- Millennials, now living through their second recession, believe in building back better — not ’bootstraps’
- Millennials want their investments to align with their values
- Gen Z is taking a more explicitly activist approach with their money, so calls for change will only intensify
Experts have long worried the 2008-2009 financial crisis kneecapped the earnings potential of millennials, the moniker for the 73 million Americans born between 1981 and 1996. Many of those millennials (myself included) entered the job market just as the economy was cratering. Job offers were suddenly rescinded, hiring was frozen across a range of industries, and even when a paycheck came, it was often for far less than what was required to both support yourself and pay back the mountain of student loan debt you most likely had.
Ten years later, millennials are older, wiser, and translating the financial hangover from the recession into ultra-conservative financial practices. Those worries were well-founded. One 2019 study found that 43% of millennials have never made an investment. Because of this, millennials are also more primed than older generations to see just how broken the current system is — and not just because of the coronavirus pandemic.
“So often there’s such a toxic narrative of ‘I can do it, you can do it, anyone anywhere for any reason can bootstrap their way up’ as opposed to acknowledging that systemic issues make it so that’s not always the case,” said personal finance expert Erin Lowry, in an interview with Karma.
Lowry published Broke Millennial: Stop Scraping by and Get Your Financial Life Together in 2017, and last year published the follow-up Broke Millennial Takes On Investing. Her third book in the Broke Millennial series is slated for publication in December 2020.
The “bootstraps” message rings even more hollow in 2020 than it did in 2010. The pandemic and the Black Lives Matter protests make it increasingly clear that, to quote millennial podcaster Aminatou Sow, “the scam is structural.” What financial power millennials do have is, increasingly, being used to push for changes.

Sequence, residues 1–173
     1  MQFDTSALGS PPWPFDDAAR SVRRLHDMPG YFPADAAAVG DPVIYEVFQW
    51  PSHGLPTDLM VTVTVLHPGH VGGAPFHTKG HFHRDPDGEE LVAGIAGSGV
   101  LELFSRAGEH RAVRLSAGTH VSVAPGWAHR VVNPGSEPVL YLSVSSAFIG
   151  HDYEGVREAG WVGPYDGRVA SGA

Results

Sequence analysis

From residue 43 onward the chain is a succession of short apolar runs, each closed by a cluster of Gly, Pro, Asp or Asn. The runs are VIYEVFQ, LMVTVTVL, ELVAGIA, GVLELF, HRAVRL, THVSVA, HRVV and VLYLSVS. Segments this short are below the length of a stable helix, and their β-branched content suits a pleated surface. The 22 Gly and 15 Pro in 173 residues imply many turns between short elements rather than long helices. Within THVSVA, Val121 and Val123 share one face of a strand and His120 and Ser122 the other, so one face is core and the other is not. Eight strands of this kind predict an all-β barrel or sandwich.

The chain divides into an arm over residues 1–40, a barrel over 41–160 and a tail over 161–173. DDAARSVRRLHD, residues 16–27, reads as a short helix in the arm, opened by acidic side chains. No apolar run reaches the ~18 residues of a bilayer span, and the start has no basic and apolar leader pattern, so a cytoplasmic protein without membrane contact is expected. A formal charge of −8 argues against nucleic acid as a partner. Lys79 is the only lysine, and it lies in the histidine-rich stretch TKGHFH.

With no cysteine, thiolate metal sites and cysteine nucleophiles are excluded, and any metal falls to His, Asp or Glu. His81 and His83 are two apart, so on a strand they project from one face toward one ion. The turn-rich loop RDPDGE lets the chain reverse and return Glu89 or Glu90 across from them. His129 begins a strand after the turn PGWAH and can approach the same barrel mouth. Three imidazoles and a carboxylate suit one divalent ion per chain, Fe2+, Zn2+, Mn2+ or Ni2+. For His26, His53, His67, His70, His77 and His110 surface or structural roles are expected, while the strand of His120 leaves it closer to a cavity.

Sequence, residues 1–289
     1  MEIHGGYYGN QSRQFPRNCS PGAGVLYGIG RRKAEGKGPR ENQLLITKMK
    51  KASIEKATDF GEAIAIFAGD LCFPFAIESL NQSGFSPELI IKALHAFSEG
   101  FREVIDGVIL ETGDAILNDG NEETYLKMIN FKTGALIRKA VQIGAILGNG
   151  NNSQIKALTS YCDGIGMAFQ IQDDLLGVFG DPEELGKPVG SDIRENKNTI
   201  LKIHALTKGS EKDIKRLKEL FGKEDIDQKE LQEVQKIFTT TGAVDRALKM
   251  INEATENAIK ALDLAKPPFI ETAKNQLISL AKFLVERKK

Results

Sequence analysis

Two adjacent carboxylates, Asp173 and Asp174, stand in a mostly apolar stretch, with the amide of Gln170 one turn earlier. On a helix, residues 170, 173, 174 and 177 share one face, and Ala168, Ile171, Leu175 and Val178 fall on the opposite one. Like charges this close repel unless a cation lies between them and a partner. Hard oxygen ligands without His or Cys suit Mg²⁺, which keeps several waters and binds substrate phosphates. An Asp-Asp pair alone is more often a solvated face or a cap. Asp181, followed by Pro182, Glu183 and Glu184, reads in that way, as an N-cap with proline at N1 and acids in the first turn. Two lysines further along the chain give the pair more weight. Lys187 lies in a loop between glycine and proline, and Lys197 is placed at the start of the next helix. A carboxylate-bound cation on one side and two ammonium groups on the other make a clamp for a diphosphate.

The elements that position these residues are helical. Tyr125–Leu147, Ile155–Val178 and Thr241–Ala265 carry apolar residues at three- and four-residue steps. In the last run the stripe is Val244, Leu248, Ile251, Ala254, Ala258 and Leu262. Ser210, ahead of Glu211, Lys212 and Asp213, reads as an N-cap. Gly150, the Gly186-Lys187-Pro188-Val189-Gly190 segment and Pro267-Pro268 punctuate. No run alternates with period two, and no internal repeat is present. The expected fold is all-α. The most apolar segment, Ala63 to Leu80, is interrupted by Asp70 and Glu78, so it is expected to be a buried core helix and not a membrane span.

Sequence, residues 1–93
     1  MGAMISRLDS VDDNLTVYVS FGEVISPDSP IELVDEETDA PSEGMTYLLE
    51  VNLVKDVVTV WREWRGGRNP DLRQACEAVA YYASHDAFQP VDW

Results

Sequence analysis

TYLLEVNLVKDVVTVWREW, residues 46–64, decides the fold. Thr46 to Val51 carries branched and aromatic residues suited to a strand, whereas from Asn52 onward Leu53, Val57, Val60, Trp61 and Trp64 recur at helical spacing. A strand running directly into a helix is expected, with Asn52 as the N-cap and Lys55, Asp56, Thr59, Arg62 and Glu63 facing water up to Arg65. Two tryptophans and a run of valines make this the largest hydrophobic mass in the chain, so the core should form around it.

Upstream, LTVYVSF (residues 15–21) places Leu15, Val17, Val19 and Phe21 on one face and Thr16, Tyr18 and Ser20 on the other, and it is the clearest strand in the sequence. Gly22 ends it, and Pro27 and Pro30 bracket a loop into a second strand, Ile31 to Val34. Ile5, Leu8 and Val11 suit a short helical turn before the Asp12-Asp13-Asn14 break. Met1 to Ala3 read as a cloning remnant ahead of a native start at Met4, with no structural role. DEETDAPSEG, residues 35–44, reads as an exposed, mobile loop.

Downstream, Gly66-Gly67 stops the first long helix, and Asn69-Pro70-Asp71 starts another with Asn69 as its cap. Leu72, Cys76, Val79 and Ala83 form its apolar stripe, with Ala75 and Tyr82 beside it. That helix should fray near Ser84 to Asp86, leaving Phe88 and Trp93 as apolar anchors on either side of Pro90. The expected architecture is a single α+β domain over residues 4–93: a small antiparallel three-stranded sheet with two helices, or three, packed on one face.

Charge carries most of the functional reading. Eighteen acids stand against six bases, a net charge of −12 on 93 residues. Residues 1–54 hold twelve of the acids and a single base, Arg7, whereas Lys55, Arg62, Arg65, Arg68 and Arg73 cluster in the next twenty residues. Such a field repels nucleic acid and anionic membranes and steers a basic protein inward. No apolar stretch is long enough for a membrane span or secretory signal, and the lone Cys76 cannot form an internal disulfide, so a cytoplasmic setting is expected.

“[When you invest] you own a small piece of that company — it might be a very very very small piece — but you still have a voice, and it’s important to make that voice heard,” said Lowry. For investors in mutual funds or ETF indices, that means engaging with the brokerage — including, notes Lowry, demanding impact investing options if none currently exists.
“That puts a lot of the burden on you, the individual, but unfortunately that’s just the case — there isn’t really a one-stop-shop for all of this information,” she said. However, given the diversity among individual deal-breakers, that’s not necessarily a bad thing: “We all have very different feelings about what we want to support, what our thresholds are about what we will and won’t support.”
Normalizing those questions is something millennials can do as Generation Z enters their adult lives. Lowry, like other observers, is excited about the activist sensibility that twentysomethings are bringing to their personal finances. “There will be more of an alignment with both if and how they invest their money and how they spend their money and the companies they’re willing to support,” she said, noting that these questions regularly come up in her coaching work with Gen Z. In June, Candide Group’s Jasmine Rashid, a member of Gen Z, published The Financial Activist Playbook for Supporting Black Lives, a how-to guide that builds on the principles of financial empowerment that millennials like Lowry have been seeding over the last decade.
“Both investing and general purchasing power — that really does all matter,” Lowry said. “It’s a way that you can also engage in activism, and especially in a way that can be very meaningful and impactful, but not one that we always think of.”